The original Nauvoo Temple was an inspired masterpiece of architecture and craftsmanship. The Prophet Joseph Smith directed the work, but architect William Weeks translated those directions into workable plans. These architectural drawings demonstrate William’s skill and attention to detail, which later helped modern builders reconstruct the Nauvoo Temple.
Raised in a family of builders, William Weeks worked with his father and brother on building projects in the American Northeast and South.1 It is believed that he joined the Church while working in the South and that he left his family to gather with the Saints.2 When the Saints were driven out of Missouri, he moved to Quincy, Illinois, where he married Caroline M. Allen.3 He later moved his family to Nauvoo, where he built a brick home that still stands at Young and Partridge Streets.4
When the Prophet announced plans to build a temple, William and other architects submitted designs. William’s nephew, F. M. Weeks, recalled William telling him that “when [William] went in and showed his plans, Joseph Smith grabbed him, hugged him and said ‘you are the man I want.’”5
Joseph Smith received many instructions about the temple by revelation, and he was considered the chief architect for the temple. Weeks then drew up the detailed plans and supervised construction.6 However, the two did not always agree on the building details. When Joseph instructed William that the office windows on the middle floors should be round, William objected, saying that the building was too short for that style of window. Joseph replied, “I wish you to carry out my designs. I have seen in vision the splendid appearance of that building illuminated, and will have it built according to the pattern shown me.”7 William complied, and the temple was built with round windows.
Unfortunately, the Saints were forced to leave Nauvoo before the temple was completed. Brigham Young called William and his family to go with the first groups in early 1846, and responsibility for finishing the temple was transferred to Truman Angell. Brigham wanted William in the vanguard company of pioneers so that he could begin work on a new temple as soon as the Saints were settled in their new home.8 This plan, however, was never fulfilled.
Shortly after arriving in the Salt Lake Valley, William and his family separated from the Church. The source of the conflict is uncertain, but William’s nephew believed it was William’s objection to plural marriage that caused the split.9 The family moved back to the Midwest for five years before returning to Utah and the Church for a few years. However, the family moved to California in 1857, and there is no evidence of their participation in Church activities there.10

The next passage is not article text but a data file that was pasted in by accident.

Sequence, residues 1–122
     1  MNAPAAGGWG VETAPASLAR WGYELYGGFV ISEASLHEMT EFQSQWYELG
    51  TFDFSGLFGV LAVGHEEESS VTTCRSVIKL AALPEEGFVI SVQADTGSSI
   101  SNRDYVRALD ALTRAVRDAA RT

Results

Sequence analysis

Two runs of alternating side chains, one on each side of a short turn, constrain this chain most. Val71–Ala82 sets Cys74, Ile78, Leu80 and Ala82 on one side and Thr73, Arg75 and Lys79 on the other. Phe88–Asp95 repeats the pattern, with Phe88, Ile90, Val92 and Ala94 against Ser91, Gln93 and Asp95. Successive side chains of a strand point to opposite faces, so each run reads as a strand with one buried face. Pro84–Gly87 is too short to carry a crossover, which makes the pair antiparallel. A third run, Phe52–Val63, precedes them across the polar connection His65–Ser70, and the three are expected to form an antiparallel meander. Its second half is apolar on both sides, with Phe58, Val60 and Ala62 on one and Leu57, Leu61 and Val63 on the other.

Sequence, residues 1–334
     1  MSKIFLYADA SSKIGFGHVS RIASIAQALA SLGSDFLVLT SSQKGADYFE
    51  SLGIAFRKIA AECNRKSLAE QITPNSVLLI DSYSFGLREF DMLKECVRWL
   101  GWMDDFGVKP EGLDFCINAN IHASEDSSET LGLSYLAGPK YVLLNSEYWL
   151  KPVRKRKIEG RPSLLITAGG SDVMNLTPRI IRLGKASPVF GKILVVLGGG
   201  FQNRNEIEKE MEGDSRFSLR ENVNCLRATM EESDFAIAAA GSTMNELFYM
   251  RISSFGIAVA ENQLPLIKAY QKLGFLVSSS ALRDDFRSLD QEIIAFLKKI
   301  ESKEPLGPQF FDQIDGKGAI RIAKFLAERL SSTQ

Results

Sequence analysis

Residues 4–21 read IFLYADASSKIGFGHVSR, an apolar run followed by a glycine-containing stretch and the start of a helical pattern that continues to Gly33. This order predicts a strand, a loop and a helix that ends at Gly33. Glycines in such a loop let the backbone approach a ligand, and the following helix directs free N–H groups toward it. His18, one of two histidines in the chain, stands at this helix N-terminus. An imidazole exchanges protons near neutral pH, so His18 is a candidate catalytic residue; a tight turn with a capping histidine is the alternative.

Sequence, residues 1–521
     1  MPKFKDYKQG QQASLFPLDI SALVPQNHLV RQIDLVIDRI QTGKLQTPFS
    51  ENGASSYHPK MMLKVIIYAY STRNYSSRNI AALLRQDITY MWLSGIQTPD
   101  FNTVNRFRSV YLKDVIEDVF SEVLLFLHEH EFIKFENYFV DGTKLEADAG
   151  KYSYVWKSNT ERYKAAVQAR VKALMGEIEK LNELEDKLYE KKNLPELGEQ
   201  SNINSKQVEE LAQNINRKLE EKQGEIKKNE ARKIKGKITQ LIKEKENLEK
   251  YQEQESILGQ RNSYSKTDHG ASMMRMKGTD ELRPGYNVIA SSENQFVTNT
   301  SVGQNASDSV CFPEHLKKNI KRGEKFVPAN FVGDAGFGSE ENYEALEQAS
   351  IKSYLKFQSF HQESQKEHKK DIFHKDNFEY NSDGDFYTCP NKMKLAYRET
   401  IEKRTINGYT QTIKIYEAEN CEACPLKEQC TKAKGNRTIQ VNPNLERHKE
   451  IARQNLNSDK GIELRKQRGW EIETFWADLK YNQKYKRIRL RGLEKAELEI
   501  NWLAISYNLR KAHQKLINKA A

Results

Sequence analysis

Through all of these changes, William maintained a love for Joseph Smith and the gospel.11 He kept his drawings of the Nauvoo Temple and passed them down to his daughter, Caroline Weeks Griffin. She in turn passed them on to her son, Leslie. Drawing number 10 includes two sailboat sketches by Leslie’s sons, who used this page when they couldn’t find other paper.12
The drawings would have remained in obscurity if not for a “chance” meeting in 1948, when missionaries serving in the small desert town of Boron, California, knocked on the door of Leslie and Zetta Griffin. The missionaries built a good relationship with the Griffins, and Leslie, who was not a member of the Church, told the elders that they had William’s architectural drawings. The Griffins felt strongly that the drawings should be returned to the Church. They asked one of the elders, who was returning home to Utah in a few days, to give the drawings to the Church archives.13
Years later these same drawings were instrumental in rebuilding the Nauvoo Temple. Bishop Keith B. McMullin, then a member of the Presiding Bishopric, said, “Efforts have been made to reflect as closely as practical the original exterior designs and interior appointments. Brother Weeks’ drawings were an essential part of this study and research. The manner in which the Nauvoo Temple has been reconstructed would not have been possible without these original plans.”14
Although William Weeks’s name is not well known, his greatest work is still appreciated and beloved today.